The chemical composition, antioxidant activity and α-glucosidase inhibitory activity of water-extractable polysaccharide conjugates from northern Manitoba lingonberry.
Ross, K.A., Godfrey, D.V., and Fukumoto, L.R. (2015). "The chemical composition, antioxidant activity and α-glucosidase inhibitory activity of water-extractable polysaccharide conjugates from northern Manitoba lingonberry.", Cogent Food & Agriculture, 1(1: Article Number 1109781), pp. 1-19. doi : 10.1080/23311932.2015.1109781 Access to full text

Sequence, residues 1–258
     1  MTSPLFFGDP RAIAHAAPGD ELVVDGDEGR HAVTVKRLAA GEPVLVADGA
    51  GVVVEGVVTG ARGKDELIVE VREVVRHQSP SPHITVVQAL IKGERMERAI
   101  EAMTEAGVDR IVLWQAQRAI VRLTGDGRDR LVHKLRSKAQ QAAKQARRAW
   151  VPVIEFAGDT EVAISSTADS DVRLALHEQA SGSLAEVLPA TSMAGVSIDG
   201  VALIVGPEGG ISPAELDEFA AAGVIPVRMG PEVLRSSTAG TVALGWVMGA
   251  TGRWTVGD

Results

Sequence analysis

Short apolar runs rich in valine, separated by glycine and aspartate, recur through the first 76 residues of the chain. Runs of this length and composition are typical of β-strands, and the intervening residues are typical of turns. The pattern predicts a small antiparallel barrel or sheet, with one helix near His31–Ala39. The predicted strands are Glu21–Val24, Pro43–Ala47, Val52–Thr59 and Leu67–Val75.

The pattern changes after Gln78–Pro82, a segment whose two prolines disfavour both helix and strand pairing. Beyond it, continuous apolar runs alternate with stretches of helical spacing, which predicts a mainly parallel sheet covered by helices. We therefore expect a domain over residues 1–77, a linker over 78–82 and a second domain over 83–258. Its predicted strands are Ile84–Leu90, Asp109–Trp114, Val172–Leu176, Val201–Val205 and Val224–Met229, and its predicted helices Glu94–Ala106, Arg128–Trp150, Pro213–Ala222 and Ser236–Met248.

Lingonberry (Vaccinium vitis-idaea L.) is a small northern fruit that has been harvested historically by native North Americans and Northern Europeans. These berries have been traditionally consumed as food and for medicinal use. Lingonberries are reported to be rich in vitamin C, benzoic acid, and anthocyanins, which have been implicated in health benefits associated with the consumption of lingonberries. We hypothesized that water-extractable polysaccharides, conjugated with proteins and/or phenolics may also serve as bioactive compounds with potential health benefits in northern Manitoba lingonberries. A hot water extraction was used to obtain water-extractable polysaccharides from lingonberries and the water-extractable polysaccharides were fractionated into water-eluted/neutral and NaCl-eluted/acidic fractions using chromatography. The water-extractable polysaccharides were evaluated for their chemical composition and structural features. The antioxidant activity (FRAP and ABTS assays) and potential of the polysaccharides to serve as α-glucosidase inhibitors were determined. The chemical composition and structural features of the water-extractable polysaccharides were influenced by fraction. The water-extractable polysaccharides and fractions all possessed antioxidant activity, while only the water-extractable polysaccharide conjugates and NaCl-eluted/acidic fraction demonstrated appreciable α-glucosidase inhibition. This work provides novel information indicating that water-extractable polysaccharide conjugates isolated from northern Manitoba lingonberry demonstrate bioactivity.
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